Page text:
Some people may want to use the maintenance button and then gradually increase calories from there if they want their muscle gains to be lean.

Which Formula – Normal or Lean Mass?

The default (normal) formula is fine for most people. However, there are some exceptions.

1. If you are very lean (low body fat percentage) the default formula may not be accurate. Use the “Lean Body Mass” setting. This uses a formula that factors specific body fat percentage into the equation and since muscle tissue burns many more calories than fat tissue while even at rest, it will give you a higher TDEE. This is perfect for “athletic body types” that want to use macro counting to gain more muscle mass.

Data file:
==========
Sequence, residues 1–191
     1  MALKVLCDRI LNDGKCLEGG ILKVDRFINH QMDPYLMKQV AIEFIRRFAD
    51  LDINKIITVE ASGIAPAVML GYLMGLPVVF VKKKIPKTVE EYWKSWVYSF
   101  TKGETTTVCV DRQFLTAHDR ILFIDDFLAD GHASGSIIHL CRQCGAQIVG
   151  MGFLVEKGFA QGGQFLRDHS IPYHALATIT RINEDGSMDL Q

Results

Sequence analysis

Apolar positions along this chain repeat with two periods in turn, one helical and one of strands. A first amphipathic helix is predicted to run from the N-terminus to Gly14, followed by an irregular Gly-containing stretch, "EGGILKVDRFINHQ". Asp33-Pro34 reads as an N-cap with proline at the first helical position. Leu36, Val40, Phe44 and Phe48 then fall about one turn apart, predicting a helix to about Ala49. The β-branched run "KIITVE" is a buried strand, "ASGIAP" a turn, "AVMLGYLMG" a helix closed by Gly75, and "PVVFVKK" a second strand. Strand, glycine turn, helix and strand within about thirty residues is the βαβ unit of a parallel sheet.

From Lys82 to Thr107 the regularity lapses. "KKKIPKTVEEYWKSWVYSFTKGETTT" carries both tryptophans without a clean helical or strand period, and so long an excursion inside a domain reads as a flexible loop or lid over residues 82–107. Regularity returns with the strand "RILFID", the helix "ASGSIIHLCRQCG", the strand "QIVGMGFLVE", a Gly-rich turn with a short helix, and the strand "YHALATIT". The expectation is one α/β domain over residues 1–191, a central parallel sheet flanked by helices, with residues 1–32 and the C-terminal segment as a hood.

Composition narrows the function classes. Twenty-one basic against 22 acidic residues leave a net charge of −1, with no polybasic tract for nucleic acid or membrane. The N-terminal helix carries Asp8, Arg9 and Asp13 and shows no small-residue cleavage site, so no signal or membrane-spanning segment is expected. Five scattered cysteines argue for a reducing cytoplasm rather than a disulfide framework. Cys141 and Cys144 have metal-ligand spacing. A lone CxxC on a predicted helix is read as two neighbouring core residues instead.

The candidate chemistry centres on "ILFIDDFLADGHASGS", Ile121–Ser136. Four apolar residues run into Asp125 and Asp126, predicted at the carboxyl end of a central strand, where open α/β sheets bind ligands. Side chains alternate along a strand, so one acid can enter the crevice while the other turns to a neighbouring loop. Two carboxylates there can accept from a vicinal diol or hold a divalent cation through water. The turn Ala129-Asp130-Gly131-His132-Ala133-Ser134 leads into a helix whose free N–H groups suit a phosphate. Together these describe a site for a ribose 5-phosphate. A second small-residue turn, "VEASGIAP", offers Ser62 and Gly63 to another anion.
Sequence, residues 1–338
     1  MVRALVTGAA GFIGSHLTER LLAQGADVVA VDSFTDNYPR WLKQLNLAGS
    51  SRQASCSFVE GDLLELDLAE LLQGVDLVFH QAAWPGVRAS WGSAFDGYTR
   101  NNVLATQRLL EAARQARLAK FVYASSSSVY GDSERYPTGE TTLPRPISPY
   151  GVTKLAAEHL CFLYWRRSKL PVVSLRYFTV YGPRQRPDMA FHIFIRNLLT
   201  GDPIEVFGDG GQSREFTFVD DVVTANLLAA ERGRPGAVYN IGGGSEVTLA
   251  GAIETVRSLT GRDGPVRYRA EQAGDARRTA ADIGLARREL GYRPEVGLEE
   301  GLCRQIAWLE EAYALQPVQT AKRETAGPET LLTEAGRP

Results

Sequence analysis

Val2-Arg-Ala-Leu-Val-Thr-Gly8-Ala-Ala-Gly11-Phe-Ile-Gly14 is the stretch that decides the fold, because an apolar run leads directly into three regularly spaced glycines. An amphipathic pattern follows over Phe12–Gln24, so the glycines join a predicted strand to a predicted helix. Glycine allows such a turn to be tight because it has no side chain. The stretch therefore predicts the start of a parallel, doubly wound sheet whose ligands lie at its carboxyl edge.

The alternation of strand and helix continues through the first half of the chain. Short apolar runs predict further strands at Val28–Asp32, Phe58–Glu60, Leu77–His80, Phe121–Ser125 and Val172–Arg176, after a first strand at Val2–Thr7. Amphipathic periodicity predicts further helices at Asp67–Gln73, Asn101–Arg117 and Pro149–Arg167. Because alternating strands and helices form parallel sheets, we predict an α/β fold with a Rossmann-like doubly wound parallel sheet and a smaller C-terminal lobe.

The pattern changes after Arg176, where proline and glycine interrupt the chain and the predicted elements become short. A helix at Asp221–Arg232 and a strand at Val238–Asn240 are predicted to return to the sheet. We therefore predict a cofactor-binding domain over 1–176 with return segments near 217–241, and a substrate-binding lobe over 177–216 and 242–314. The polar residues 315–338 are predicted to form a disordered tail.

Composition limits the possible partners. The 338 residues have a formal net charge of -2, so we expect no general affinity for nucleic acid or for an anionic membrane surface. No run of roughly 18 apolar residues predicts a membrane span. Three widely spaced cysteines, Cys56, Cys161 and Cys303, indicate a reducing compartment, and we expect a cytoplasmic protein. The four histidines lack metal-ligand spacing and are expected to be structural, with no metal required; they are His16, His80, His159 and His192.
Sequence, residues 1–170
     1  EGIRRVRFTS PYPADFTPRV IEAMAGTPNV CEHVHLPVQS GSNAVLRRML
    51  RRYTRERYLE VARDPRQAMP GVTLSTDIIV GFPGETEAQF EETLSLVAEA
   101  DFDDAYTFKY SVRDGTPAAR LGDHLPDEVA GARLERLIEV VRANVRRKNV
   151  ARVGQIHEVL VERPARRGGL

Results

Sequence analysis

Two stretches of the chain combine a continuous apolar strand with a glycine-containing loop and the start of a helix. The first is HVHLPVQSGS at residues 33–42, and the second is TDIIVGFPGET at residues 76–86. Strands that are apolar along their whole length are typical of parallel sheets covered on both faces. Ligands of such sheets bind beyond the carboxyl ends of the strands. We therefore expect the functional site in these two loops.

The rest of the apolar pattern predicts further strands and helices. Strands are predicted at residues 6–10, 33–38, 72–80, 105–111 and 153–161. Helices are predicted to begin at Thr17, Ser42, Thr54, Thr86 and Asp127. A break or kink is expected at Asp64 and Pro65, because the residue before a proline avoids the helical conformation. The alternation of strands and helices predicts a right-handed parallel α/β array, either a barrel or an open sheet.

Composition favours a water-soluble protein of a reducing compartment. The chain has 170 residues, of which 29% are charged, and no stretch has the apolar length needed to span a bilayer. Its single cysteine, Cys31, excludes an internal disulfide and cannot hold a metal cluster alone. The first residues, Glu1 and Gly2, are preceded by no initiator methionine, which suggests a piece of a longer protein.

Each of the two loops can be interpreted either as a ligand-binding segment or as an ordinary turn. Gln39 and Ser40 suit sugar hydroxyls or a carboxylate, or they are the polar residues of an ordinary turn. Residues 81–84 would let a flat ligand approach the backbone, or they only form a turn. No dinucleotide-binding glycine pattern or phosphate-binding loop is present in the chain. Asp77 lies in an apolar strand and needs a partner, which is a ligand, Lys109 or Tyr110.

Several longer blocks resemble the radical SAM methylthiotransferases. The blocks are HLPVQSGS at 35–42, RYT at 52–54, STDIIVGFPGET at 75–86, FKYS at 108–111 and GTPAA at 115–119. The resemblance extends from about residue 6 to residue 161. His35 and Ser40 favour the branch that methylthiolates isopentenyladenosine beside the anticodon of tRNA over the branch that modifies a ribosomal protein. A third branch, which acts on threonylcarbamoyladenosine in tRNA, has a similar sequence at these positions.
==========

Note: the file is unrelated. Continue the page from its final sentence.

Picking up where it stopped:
2. If you are classified as obese and have a lot of weight to lose, the standard formula will not be accurate because the equation used, factors for an average body fat percentage. If you happen to be above average it will skew the results. Please see this article for more clarification on how to do macro counting if you are obese.

You can calculate your ideal body weight here.

How Do I Calculate My Daily Macros

By default, the results show the number of grams of each macronutrient you should eat each day. Simply make sure you have eaten those macro amounts by the end of the day.

How Do I Calculate My Macros for a Meal

Click on meal numbers to split this into a “per meal” basis for counting macros. For some people, this is easier, while for others it becomes too much to keep track of. Do what works for you. Either method is fine.